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TITLE:  World Food: Rhetoric Clouding GM Debate
SOURCE: Economist Intelligence Unit, The Economist
        Executive Briefing, posted  by AgBioView, USA
DATE:   May 30, 2003

------------------ archive: http://www.gene.ch/genet.html ------------------


World Food: Rhetoric Clouding GM Debate

As the US and EU continue to trade blows over genetically modified (GM)
foods, their arguments move further and further away from the issues
governing the debate.

The US resumed the transatlantic dispute over GM crops on May 13th by
going straight for the jugular. A speech by the president, George Bush,
outlining the case for GM foods blamed the EU's resistance to such crops
for hampering efforts to end starvation in Africa. Robert Zoellick, the
US Trade representative, went further, referring to EU officials as
"Luddites" spreading "anti-scientific views".

The re-emergence of the GM debate, postponed in January while the US
sought support for military action in Iraq, has come at a time when
subsequent opposition to the war has further strained US-EU ties. After
five years, and with little to show for their efforts at overturning the
EU ban on GM foods, the US has joined by Canada, Argentina and Egypt in
referring the case to the World Trade Organisation (WTO), with the
backing of at least nine other countries.

Is the EU changing its stance? -- The aggressive and emotive tack taken
by the US is surprising if not wholly unexpected. The EU was already in
the process of introducing measures that would have eased GM restrictions
by the autumn. Taking the case before the WTO could delay such a move by
up to 18 months, a fact that EU representatives were swift to point out.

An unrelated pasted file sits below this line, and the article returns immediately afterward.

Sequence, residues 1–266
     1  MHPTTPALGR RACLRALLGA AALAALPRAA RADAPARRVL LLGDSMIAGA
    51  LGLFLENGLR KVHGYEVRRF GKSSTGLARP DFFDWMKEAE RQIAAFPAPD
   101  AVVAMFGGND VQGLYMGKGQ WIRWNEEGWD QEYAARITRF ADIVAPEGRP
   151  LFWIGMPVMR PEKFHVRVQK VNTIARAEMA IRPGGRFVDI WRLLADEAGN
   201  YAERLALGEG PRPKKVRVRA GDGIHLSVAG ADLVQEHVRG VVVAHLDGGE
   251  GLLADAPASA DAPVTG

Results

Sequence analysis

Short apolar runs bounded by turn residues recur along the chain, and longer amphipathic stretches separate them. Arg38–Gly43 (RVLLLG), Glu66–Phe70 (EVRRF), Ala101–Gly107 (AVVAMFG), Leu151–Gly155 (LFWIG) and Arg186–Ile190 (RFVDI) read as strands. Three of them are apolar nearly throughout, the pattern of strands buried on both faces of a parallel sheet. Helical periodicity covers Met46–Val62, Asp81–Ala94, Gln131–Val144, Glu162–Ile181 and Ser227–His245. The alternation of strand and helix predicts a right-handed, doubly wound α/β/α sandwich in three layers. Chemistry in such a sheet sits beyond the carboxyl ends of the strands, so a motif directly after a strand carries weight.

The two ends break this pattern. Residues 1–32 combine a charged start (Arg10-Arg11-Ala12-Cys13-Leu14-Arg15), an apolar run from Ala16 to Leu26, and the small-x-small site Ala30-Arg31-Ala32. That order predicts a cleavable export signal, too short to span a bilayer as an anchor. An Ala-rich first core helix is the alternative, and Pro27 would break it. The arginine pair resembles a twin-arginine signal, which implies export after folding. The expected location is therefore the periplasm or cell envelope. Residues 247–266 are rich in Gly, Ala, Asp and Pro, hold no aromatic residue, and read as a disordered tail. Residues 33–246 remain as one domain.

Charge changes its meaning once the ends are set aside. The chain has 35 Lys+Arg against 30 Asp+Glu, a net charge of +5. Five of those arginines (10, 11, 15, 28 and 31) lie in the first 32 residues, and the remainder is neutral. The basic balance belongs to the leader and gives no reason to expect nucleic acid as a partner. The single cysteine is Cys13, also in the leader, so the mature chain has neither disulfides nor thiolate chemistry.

The EU has also been quick to poke holes in the US case. EU officials
have cited, for example, the US refusal to back the Cartagena Protocol on
Biosafety, designed to ensure that countries should "have the necessary
information to make informed choices about GMOs". EU sources have also
pointed to the controversial "Starlink" case in the US, in which GM corn
that had not been approved for human consumption found its way into the
food supply.

Unfortunately for both sides, the reasoning behind the GM ban and the
eagerness to overturn it are more complex than the moral and scientific
sound bites being exchanged. Washington's attempt, for example, to block
the movement of EU subsidised foods to Africa shows that the debate does
not really centre on poverty. At the same time, there is strong evidence
that, in principal, most EU countries would approve of overturning the
ban. The European Commission has already made inroads into investigating
the co-existence of GM and non GM crops, and has stated frequently that
it sees no harmful side-effects from importing or growing modified foods.

Public resistance remains strong. This has done little to convince a
European public still reeling from the high profile food scares of the